Monday, November 14, 2011

11.14 :: No Upper MSS Band for Lightsquared :: Lock down Your Wireless Nets :: R Teens Meaner Online? :: End FCC's Indecency Regs :: U Have No Privacy Online ::

CyberTelecom News
Federal Internet Law and Policy
"All truth passes through three stages. First, it is ridiculed, second
it is violently opposed, and third, it is accepted as self-evident." -
Arthur Schopenhauer

GPS Group to FCC: No Upper MSS Band for LightSquared, AINOnline
The Coalition to Save Our GPS sent a letter today to the FCC asking
the agency to "promptly rule" that LightSquared be barred from using
the upper mobile satellite spectrum (MSS) band for high-powered
terrestrial operations. Previous tests of

How To Lock Down Your Wireless Network, CW
If you operate a wireless network for your home or business, it's
important to ward it against opportunistic hackers seeking to steal
your data or hijack your Wi-Fi for their own nefarious purposes. We
spoke to Steven Andrés, CTO of security consulting firm Special Ops
Security, to learn about the best ways to lock down your Wi-Fi. To get
started, you'll need to log in to your router's administrative console
by typing the router's IP address into your Web browser's address

Are Teens Meaner Online?, VOA
If it seems like just about every teenager living in the United States
is on the Internet, that's because nearly every one of them is. An
astounding 95% of teens aged 12-17 are now online, and over 80% of
those teens are using social networking sites like Facebook, Tumblr or

Online Bullying Really Not That Common, Techdirt
To hear some people tell it, "cyber bullying" is some huge and awful
problem where "something" needs to be done. It's a classic moral panic
situation, but usually seems to involve parents totally overreacting.
We've pointed out in the past that kids don't view it as bullying and
now some new research from the folks at Pew have pointed out that
online bullying and general "meanness" really isn't all that common.
Yes, it does happen. And it sucks for those who are the target

EFF Asks Supreme Court to End the FCC's Indecency Regulations, EFF
Yesterday, EFF--along with the Cato Institute, the Center for Democracy
and Technology, Public Knowledge, and TechFreedom--submitted an amicus
brief to the Supreme Court in FCC v. Fox, which asks the Court to
declare unconstitutional the FCC's heavy-handed and outdated indecency
policy for broadcast TV. The policy stems from the 1978 Supreme Court
decision in FCC v. Pacifica, also known as the "Seven Dirty Words"
case. The Court held that broadcast

Parents Can Protect Their Children Better than the FCC, PK
Parents can do a better job of controlling what their children watch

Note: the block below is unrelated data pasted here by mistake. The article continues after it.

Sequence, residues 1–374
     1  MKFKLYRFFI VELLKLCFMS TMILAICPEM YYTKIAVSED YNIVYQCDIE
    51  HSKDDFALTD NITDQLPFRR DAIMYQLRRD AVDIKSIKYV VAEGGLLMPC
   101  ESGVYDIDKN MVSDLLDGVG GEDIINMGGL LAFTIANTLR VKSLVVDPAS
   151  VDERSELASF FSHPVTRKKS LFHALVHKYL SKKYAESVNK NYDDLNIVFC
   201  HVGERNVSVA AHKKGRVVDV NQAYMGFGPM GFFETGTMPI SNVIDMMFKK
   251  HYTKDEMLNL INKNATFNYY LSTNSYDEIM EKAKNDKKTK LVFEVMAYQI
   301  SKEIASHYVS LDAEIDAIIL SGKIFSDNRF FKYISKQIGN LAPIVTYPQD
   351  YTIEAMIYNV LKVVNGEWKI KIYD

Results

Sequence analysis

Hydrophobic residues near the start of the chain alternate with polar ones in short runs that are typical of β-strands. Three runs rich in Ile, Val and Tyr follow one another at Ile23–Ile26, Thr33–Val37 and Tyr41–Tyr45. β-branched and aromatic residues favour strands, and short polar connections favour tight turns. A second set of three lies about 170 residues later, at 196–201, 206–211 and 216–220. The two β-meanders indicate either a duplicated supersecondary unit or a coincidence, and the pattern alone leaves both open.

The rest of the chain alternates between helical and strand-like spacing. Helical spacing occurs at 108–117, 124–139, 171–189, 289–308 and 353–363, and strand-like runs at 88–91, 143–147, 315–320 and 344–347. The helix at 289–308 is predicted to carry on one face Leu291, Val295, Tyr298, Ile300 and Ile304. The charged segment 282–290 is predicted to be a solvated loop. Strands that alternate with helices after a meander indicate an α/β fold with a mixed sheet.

than the government. That's why Public Knowledge joined TechFreedom,
the Center for Democracy & Technology, the Cato Institute, and the
Electronic Frontier Foundation in an amicus brief in FCC v. Fox,
asking the Supreme Court to overturn the government's outdated
broadcast indecency regulations.

Diverse Tech Groups Call for an End to FCC Censorship, Teckfreedom
Five philosophically diverse tech policy organizations have called for
an end to the FCC's censorship of television broadcasting as a
violation of the First Amendment.

Net neutrality rules and the FCC's huge mistake, CW
All together now: Hip, hip, hooray! Hip, hip, hooray! Hip, hip, hooray!

Rockefeller Says Senate Vote to Protect Open Internet Is Win for
Consumers, Senate Commerce
Chairman John D. (Jay) Rockefeller IV issued the following statement
today after the Senate voted not to proceed with its consideration of
S.J.Res.6, a Republican effort to overturn the Federal Communication
Commission's (FCC) rules that ensure a free and open Internet for

Victory for Net Neutrality, Free Press
This outrageous measure would have stripped us of our right to
communicate freely online and handed control of the Internet to
companies like AT&T, Comcast and Verizon.

Neutrality Rules Survive Repeal Threat, CDT
Earlier today, the Senate voted not to advance a joint resolution to
repeal the FCC's open internet rules. President Obama had promised to
veto the measure, which passed the House in the spring, but it's good
news that it won't have to come to that -- and that the rules have the
support of the Senate. Not that the rules are out of the woods
entirely; they still face a court challenge from Verizon.

Traffic jams, ISPs and net neutrality, Gigaom
In the net neutrality debate, Internet Service Providers like AT&T and
Verizon, have said they need to charge content providers for
prioritization so they can invest in improving infrastructure: faster
internet service for all, they say.

Net Neutrality Update: One Lonely Reconsideration Petitioner, CommLawBlog
The Commission has announced that it has received one - and,
apparently, only one - petition for reconsideration of its Open
Internet order released last December (but not published in the
Federal Register until September). For the curious among you, the
seven-page petition - which is actually titled "Petition for
Clarification or Reconsideration" - may be found here. (It asks the
Commission to clarify the "special services" aspect of the net
neutrality order, particularly as that aspect would affect "enterprise

Rob Frieden, Do Conduit Neutrality Mandates Promote or Hinder Trust in
Internet-mediated Transactions?, PSU
As the Internet evolves and matures, Internet Service Providers
(--ISPs||) have begun to create increasingly diversified business models
that deviate from plain vanilla, one-size fits all terms and
conditions. Increasing subscriber demand for broadband connections
necessitates ISP efforts to identify and serve new profit centers and
to differentiate retail and wholesale users on

Critics sometimes describe James Joyce's modernist epic Ulysses as the
most discussed, least read novel in the world.1 Net neutrality may be
the most discussed, least understood concept in the world of internet

IANA contract is up for renewal, only to U.S. bidders, CW
A new tender document for the Internet Assigned Numbers Authority
(IANA) aims to strengthen the transparency, independence and
accountability of the next IANA contractor.

Righthaven Loses Again, Has To Pay More Attorneys Fees... And Has
Lawyer Scolded By The Court, Techdirt
The hits just keep on coming for Righthaven. Having already lost in
Colorado, in its case against Leland Wolf (though, likely in all of
its cases, since the same judge is handling them all), Righthaven has
been told that it needs to pay Wolf's legal fees as well, to the tune